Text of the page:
Having lived my entire life in and around Seattle, In March 2001, I ventured North to Alaska to visit my daughter and her family. While there I picked up "Nights of Ice".
Spike Walker's subject matter is, first of all, relevant to anyone who has lived near the sea. The Pacific Ocean, the Bering Sea and the Gulf of Alaska, as one non-fisherman said, "I can't drink it all and I'm damned sure I can't swim that far."
Life at sea in a boat, rolling and plowing through the next wave, gets into some folks blood. I'm sure it's that way with fishermen and women but the money don't hurt either. In any case its a perilous life.
Nights of Ice takes us along for a ride with people, real people, who have experienced the worst the sea has to offer. Walker's intimate knowledge of workin' the boats has us searching for lights in a "can't see your hand in front of your face" stateroom, attempting, frantically, to pull on the survival suit. We are terrified of the boat goin' down with us still on board. We gasp for air and our heart seems to stop when we hit the 37 degree water. We, along with actual survivors, use every ounce of strength and resource our bodies are able to muster in order to survive.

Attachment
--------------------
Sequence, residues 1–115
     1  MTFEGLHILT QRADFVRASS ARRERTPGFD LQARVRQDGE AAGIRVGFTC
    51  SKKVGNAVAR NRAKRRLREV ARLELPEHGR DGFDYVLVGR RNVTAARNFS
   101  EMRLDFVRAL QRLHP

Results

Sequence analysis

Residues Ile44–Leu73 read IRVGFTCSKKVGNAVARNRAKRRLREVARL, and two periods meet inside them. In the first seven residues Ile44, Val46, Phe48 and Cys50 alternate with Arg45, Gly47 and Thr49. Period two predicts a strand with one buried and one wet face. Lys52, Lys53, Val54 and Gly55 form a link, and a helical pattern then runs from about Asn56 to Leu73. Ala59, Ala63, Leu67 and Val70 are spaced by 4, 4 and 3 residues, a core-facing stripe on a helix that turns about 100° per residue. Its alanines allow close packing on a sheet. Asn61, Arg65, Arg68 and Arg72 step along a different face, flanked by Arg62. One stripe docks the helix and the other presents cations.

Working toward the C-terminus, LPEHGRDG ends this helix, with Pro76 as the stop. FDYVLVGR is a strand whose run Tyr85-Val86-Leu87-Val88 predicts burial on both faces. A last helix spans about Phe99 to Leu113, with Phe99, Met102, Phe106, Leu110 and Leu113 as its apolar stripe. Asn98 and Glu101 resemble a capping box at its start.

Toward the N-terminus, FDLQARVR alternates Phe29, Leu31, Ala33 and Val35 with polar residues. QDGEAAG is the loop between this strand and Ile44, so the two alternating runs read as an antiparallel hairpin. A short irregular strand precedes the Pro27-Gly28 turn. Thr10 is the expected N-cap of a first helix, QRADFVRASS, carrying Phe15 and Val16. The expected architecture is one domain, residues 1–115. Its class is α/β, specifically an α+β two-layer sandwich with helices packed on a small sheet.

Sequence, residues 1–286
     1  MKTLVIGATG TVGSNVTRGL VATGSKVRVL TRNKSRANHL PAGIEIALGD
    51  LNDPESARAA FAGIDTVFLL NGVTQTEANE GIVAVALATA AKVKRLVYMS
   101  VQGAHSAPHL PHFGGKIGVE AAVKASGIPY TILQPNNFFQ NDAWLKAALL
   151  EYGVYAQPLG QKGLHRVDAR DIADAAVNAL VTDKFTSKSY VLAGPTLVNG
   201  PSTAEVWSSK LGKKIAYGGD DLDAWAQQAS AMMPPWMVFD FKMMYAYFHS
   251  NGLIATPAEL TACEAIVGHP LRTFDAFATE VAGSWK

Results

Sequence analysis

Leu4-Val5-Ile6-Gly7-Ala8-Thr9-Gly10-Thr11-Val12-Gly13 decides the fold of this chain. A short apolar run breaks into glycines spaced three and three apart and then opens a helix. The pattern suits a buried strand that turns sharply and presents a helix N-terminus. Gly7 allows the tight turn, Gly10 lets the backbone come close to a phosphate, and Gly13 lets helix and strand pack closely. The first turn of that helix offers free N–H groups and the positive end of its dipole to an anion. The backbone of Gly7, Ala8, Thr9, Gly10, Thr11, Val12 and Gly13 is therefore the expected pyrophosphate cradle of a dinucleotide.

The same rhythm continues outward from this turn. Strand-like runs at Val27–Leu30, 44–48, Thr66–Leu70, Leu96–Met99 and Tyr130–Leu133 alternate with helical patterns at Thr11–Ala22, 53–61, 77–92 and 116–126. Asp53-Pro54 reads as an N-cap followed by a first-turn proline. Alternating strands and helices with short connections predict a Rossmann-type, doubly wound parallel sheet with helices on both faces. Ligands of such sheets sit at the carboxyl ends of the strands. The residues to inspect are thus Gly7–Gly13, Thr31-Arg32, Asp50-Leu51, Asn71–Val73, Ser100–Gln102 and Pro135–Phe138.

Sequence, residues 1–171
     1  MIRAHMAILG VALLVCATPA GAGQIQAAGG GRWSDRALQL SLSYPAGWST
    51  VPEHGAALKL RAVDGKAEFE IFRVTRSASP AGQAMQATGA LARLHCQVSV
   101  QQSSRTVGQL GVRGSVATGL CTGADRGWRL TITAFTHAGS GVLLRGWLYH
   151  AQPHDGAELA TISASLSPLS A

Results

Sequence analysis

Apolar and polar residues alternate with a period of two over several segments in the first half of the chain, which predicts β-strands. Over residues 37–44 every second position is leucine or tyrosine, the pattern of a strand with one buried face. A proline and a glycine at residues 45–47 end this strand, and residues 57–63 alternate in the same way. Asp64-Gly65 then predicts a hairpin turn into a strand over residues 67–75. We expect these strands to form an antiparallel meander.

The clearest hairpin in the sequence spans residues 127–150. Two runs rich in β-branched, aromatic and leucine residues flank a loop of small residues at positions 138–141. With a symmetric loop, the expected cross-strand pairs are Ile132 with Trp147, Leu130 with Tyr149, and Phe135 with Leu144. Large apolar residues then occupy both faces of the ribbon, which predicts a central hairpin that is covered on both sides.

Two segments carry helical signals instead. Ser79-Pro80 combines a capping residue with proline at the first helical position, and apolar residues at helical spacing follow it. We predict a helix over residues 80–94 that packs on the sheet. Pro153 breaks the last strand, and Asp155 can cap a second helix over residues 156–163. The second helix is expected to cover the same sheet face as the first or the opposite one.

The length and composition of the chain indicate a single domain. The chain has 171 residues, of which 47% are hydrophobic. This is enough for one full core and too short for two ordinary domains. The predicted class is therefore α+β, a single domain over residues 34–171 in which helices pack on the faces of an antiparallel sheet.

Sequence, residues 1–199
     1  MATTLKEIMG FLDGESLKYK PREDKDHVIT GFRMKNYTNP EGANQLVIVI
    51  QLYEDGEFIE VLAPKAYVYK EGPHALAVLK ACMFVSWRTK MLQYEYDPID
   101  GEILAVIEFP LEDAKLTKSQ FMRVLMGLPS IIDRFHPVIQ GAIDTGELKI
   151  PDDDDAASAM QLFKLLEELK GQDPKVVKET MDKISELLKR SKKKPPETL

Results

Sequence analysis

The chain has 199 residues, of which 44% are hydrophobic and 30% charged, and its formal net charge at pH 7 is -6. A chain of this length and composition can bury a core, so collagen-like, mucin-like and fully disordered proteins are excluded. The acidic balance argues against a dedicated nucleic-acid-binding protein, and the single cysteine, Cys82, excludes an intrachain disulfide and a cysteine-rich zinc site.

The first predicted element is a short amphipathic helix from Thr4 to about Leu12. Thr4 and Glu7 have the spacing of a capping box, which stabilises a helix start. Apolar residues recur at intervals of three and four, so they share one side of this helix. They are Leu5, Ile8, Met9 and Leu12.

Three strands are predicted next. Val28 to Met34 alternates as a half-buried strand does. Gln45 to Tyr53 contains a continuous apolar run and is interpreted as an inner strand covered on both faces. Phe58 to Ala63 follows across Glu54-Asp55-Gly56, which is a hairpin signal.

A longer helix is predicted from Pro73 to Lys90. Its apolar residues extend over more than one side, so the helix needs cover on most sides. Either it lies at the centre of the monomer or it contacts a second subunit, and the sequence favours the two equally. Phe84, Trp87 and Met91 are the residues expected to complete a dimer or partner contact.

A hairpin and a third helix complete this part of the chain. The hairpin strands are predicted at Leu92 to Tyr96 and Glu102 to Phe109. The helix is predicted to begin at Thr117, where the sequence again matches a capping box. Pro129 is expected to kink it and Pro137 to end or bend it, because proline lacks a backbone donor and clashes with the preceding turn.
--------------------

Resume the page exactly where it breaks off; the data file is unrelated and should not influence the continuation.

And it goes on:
Nights of Ice and its individual, sometimes heroic, stories are an adventure in itself.